In developing countries, the number of unique subscribers using mobile internet has grown from 728 million in 2010 to 1.8 billion in 2014. This growth has profound implications for women’s economic, social, and political empowerment – mobile internet can help women access resources like entrepreneurship opportunities, affordable healthcare, and peer learning platforms. However, women continue to lag behind men in both mobile phone ownership and internet access in developing countries.
Dalberg partnered with GSMA’s Connected Women and Digital Inclusion teams to analyze the challenges women face when using the mobile internet. In the report “Accelerating Digital Literacy: Empowering Women to Use the Mobile Internet,” findings from ethnographic research conducted in Kenya, India, and Indonesia demonstrate how women learn digital literacy skills, the limited opportunities women have to explore and increase their knowledge, and practical recommendations for stakeholders to enable women’s learning. The slideshow below shares the experience of Sophie, a persona that is representative of the desires and challenges women face in areas where mobile internet access and skills are limited.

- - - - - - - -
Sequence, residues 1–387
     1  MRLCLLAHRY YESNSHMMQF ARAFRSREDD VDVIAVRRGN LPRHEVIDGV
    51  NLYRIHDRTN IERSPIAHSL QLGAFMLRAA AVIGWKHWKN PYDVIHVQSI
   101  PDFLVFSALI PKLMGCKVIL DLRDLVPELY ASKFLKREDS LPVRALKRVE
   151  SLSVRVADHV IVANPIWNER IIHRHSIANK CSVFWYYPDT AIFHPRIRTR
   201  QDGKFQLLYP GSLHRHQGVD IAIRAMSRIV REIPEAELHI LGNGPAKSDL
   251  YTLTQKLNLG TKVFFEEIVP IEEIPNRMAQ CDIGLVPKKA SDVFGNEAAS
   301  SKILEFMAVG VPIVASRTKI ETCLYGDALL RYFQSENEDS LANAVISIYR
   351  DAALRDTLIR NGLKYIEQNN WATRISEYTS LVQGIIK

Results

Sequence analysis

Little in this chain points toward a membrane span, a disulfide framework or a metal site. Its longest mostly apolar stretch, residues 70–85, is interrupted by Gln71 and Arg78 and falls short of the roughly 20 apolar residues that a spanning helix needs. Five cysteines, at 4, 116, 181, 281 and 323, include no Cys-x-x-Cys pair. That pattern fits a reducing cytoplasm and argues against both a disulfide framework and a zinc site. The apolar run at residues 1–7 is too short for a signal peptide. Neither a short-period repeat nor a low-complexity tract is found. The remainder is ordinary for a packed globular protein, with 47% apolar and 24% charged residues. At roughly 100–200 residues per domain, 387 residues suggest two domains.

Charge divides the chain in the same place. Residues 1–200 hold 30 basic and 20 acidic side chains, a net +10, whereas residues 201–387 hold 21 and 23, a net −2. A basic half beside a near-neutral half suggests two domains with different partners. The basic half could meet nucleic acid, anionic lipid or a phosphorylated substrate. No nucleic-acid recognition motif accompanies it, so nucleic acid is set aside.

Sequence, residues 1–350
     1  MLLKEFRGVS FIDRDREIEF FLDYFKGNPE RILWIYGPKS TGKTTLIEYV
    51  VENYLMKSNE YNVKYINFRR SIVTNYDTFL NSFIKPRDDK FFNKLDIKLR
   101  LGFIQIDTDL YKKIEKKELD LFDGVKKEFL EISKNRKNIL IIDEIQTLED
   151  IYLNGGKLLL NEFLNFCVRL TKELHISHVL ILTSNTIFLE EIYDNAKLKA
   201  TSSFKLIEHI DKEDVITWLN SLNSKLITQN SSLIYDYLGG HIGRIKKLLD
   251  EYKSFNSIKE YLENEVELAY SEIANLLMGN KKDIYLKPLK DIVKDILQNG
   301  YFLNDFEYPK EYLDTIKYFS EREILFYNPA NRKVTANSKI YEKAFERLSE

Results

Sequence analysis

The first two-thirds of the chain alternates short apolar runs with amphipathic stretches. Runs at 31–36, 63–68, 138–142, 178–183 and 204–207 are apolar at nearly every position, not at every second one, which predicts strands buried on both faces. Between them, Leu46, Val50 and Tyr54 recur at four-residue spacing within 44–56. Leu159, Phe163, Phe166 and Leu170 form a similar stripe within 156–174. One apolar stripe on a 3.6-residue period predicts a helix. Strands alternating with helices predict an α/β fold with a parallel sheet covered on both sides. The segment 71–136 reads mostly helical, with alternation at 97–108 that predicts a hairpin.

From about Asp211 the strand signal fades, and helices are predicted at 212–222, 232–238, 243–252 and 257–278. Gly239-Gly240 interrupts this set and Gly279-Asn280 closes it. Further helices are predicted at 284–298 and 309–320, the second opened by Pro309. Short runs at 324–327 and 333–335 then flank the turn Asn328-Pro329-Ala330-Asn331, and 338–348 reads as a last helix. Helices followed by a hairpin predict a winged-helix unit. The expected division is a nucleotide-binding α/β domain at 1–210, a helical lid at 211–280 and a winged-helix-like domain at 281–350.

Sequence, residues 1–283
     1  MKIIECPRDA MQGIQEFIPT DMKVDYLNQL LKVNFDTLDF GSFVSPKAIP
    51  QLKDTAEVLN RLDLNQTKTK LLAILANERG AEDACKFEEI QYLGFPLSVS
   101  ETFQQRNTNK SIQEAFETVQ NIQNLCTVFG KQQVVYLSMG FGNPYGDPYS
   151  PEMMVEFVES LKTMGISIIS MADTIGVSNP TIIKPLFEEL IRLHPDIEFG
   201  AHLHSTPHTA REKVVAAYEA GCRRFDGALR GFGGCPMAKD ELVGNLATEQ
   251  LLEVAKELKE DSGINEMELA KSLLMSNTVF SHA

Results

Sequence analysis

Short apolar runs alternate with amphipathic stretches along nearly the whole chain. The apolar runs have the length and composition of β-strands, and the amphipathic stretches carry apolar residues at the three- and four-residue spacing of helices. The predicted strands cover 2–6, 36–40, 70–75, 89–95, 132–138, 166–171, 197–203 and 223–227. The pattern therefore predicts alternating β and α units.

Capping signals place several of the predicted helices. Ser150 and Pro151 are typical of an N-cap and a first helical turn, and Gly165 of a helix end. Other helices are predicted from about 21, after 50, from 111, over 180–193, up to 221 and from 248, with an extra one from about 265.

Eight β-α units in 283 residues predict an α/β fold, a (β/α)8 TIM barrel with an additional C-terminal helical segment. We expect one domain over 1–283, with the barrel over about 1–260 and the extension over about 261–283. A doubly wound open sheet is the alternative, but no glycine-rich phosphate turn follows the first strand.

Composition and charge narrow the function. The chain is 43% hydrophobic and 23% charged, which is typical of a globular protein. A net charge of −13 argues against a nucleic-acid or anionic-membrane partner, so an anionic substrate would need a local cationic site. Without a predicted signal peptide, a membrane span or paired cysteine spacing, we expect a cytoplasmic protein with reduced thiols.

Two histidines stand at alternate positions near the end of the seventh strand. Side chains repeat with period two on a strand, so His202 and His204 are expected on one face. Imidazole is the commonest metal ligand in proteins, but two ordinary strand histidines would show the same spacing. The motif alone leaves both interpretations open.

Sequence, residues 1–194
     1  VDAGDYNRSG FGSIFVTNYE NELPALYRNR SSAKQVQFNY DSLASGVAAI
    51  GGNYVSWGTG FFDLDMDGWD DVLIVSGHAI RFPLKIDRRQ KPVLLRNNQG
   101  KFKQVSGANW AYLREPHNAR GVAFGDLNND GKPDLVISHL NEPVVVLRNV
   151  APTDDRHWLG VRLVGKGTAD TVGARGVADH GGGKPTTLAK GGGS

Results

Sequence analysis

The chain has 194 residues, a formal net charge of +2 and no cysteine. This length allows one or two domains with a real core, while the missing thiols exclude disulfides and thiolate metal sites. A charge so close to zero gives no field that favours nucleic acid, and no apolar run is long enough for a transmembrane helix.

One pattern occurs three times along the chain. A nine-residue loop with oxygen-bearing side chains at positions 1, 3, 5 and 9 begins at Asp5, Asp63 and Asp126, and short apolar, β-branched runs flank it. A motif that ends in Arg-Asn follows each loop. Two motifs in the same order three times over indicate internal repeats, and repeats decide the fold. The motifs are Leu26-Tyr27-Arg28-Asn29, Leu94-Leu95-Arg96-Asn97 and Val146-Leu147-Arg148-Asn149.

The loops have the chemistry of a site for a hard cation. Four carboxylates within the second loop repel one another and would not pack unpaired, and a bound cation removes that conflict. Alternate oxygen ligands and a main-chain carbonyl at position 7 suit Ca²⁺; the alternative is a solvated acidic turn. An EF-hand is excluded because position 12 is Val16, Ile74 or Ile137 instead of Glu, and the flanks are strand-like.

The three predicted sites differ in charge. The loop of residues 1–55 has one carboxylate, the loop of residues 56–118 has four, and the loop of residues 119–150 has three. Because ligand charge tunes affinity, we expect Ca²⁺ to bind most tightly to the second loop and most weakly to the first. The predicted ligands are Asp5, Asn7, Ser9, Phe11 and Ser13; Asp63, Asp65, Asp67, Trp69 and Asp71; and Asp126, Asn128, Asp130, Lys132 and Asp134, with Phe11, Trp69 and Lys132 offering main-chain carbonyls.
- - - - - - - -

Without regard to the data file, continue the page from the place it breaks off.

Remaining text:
Beyond training, there are many opportunities to increase value and use of the internet for women, from improvements to user interface design to providing tailored search mechanisms in key areas like health and employment pre-populated with local content sources. This will require cooperation across stakeholders: mobile network operators, donors and NGOs, governments, developers, application and service providers, and research organizations. Whatever approach we take, it is important to build on existing mobile use patterns – which are dominated by communication and messaging platforms – and not assume that mobile internet literacy in the future will be equated with URLs, web browsers, search engines, and app stores.